When the U.S. finally gets its foot-and-mouth vaccine bank fully established, could pork producers go ahead and vaccinate herds ahead of any potential outbreak? One expert says that is “really not an option.”
According to James Roth, a professor in the department of Veterinary Microbiology and Preventative Medicine at Iowa State University’s College of Veterinary Medicine, if a country declares itself free internationally of FMD, but have vaccinated for it, then as outlined in international animal health rules, there would still be many hoops to jump through to export product.
“Countries that would import your product want to see a lot of data to prove that that virus is not circulating in a low level, so you have to do very extensive diagnostic testing to prove that even though you’re vaccinating, there is no virus infecting the herds,” Roth says.
FMD is an extremely contagious viral disease that affects cloven-hoofed animals, any livestock or wildlife with two toes, including pigs. While it’s been 90 years since the U.S. had an FMD break, the disease is currently present in 96 countries around the world.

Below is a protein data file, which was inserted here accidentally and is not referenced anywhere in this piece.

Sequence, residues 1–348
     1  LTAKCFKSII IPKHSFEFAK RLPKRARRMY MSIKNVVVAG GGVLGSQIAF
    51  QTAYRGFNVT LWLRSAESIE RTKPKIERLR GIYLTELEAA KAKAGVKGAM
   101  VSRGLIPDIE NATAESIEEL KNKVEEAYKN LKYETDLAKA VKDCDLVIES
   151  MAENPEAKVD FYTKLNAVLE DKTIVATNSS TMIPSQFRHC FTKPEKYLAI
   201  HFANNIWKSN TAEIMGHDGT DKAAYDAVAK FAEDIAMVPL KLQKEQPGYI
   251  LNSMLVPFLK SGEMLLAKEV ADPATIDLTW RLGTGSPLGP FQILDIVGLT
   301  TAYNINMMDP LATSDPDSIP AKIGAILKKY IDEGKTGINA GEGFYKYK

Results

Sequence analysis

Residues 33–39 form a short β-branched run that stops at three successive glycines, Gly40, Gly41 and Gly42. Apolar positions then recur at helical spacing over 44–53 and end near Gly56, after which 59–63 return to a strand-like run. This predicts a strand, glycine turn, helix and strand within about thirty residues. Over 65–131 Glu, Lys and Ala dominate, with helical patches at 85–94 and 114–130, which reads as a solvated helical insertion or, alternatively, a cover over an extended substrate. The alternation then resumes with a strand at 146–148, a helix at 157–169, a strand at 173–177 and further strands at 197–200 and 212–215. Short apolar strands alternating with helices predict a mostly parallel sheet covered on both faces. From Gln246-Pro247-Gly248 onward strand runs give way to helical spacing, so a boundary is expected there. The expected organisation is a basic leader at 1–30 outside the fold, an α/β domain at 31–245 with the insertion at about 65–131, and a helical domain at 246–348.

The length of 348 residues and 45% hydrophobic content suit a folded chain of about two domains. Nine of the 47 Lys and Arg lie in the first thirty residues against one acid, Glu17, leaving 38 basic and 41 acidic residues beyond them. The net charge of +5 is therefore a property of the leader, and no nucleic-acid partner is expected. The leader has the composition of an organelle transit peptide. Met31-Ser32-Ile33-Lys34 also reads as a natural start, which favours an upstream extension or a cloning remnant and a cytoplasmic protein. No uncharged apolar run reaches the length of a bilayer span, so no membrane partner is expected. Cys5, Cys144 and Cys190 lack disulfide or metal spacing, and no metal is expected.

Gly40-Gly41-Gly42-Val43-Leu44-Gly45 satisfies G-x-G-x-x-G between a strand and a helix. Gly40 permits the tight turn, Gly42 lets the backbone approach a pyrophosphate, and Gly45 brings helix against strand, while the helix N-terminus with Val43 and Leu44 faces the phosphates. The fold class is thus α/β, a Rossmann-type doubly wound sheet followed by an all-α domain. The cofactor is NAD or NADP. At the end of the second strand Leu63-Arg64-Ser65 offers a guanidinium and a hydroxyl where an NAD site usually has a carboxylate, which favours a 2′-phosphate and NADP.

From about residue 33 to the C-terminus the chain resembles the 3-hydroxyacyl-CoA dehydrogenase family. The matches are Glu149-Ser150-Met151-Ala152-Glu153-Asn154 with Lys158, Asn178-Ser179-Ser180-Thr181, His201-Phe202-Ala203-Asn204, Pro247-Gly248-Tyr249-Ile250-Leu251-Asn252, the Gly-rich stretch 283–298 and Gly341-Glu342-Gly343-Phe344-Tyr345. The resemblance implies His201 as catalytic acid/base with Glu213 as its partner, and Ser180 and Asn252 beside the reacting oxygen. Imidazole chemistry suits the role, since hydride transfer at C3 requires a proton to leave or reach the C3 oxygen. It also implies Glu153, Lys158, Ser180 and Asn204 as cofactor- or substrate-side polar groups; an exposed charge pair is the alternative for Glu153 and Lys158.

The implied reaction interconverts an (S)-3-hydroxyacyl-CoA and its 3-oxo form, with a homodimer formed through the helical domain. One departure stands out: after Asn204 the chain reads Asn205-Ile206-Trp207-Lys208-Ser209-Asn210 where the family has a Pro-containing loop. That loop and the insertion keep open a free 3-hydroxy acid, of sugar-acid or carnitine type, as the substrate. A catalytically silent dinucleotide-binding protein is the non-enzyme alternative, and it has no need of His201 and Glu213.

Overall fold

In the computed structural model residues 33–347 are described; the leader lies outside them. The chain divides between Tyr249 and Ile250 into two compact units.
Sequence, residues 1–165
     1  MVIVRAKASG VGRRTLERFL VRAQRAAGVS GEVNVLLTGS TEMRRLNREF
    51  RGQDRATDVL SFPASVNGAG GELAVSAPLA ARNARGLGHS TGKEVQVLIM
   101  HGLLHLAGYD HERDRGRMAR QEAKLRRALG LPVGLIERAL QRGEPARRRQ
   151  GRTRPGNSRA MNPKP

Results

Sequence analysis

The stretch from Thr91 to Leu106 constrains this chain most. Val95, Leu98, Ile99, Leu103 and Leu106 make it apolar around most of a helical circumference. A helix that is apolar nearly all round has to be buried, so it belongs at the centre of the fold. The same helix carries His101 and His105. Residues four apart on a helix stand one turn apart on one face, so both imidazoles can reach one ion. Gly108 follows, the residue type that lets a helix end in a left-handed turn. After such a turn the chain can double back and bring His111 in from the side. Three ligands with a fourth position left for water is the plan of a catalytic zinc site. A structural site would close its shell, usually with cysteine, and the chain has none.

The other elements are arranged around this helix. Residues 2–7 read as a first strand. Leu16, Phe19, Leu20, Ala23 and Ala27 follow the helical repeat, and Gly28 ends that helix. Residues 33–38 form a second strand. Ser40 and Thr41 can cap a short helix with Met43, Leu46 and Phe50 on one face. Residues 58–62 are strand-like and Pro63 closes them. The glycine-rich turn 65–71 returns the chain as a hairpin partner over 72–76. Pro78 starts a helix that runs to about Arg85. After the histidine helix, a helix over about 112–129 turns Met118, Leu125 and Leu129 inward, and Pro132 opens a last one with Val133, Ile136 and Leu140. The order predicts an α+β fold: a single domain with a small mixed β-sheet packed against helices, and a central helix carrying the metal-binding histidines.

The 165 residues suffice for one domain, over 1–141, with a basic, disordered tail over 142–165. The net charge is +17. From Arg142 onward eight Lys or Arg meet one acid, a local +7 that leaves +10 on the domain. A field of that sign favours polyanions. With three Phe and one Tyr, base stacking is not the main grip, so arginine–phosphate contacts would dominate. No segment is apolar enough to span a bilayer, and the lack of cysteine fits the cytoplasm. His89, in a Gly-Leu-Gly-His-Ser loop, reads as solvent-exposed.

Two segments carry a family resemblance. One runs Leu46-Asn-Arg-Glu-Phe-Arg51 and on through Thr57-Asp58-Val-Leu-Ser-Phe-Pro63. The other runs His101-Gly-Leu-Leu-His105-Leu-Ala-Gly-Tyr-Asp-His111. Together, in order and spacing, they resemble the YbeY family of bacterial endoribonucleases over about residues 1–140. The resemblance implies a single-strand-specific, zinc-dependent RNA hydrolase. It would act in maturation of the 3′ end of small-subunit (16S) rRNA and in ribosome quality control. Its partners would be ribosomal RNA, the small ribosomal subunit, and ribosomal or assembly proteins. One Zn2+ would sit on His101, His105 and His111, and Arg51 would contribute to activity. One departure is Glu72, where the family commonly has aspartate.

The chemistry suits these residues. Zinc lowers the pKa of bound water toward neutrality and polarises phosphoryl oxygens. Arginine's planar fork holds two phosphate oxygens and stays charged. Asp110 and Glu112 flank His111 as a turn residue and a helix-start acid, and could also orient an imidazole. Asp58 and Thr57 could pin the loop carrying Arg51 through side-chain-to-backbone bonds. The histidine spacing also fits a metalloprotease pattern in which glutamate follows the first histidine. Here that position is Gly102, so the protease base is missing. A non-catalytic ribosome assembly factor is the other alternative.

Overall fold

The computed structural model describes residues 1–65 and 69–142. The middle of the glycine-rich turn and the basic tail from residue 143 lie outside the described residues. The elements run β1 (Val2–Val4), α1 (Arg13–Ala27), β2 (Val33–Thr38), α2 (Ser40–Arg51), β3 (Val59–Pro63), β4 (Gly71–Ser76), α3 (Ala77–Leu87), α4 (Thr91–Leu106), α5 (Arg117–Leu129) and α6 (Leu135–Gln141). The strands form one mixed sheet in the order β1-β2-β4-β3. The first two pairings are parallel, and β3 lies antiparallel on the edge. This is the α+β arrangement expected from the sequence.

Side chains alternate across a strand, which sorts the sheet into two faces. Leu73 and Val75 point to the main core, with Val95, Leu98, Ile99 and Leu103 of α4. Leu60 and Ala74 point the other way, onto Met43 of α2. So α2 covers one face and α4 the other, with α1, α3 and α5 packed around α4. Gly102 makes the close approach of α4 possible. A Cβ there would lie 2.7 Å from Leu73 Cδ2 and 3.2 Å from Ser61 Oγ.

For the first time, the 2018 farm bill includes mandatory funding that directly supports animal disease prevention and preparedness, including the creation of a vaccine bank for livestock diseases. The bank, known as the National Animal Vaccine and Veterinary Countermeasures Bank will allow the United States to increase its ability to stockpile veterinary countermeasures.
Currently, the USDA, which has prescribed vaccination for dealing with an FMD outbreak, does not have access to enough vaccine to avoid devastating economic consequences to the U.S. economy, should an outbreak occur.
Roth says there’s an even more pragmatic argument against pre-vaccinating for FMD when the bank is established; its not logistically or financially practical. “There’s 23 different strains,” Roth says. “We’d have to use 23 different vaccines to cover all possible strains in the world.”